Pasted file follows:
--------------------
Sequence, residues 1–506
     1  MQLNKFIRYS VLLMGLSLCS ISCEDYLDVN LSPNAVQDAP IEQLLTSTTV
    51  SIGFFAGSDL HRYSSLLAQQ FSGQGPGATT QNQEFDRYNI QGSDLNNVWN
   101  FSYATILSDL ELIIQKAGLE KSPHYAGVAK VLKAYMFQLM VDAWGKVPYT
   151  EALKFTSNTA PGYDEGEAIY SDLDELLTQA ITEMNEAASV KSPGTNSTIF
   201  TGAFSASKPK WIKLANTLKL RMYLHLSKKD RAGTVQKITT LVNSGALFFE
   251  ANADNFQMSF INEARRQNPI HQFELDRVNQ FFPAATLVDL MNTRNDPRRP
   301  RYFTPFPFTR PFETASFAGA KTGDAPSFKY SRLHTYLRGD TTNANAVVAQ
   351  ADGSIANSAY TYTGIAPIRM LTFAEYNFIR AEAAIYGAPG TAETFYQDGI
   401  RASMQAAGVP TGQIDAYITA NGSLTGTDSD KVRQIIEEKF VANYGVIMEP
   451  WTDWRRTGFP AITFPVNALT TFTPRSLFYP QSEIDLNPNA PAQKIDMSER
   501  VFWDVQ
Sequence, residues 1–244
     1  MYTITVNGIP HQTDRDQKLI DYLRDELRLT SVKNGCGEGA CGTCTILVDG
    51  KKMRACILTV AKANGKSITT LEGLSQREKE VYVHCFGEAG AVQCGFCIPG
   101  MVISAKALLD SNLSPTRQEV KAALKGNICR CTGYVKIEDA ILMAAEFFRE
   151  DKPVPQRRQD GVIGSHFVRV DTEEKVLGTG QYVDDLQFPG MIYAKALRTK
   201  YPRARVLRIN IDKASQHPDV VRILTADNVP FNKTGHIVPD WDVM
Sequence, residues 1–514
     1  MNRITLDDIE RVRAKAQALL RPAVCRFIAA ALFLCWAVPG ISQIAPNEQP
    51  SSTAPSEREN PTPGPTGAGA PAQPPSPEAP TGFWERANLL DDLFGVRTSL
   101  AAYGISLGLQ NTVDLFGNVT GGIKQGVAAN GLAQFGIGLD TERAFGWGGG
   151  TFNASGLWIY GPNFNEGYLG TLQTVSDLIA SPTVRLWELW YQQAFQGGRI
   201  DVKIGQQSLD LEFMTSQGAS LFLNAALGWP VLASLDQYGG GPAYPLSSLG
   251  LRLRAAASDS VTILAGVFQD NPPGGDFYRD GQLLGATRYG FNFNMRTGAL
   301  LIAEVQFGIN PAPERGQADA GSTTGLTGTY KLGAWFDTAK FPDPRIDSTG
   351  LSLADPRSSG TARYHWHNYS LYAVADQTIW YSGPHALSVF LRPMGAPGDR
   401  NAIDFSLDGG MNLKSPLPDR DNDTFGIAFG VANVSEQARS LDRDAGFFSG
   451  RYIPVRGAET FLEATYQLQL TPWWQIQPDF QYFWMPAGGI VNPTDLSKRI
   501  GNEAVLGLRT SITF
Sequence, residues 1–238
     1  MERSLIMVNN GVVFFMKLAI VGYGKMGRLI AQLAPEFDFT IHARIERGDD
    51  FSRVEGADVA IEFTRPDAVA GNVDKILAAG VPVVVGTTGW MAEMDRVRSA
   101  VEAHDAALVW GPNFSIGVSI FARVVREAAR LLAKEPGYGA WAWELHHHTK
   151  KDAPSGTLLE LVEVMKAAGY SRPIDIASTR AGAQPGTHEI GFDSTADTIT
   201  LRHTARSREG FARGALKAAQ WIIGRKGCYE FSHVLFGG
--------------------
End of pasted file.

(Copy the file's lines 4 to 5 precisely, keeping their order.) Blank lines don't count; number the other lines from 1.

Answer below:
   101  FSYATILSDL ELIIQKAGLE KSPHYAGVAK VLKAYMFQLM VDAWGKVPYT
   151  EALKFTSNTA PGYDEGEAIY SDLDELLTQA ITEMNEAASV KSPGTNSTIF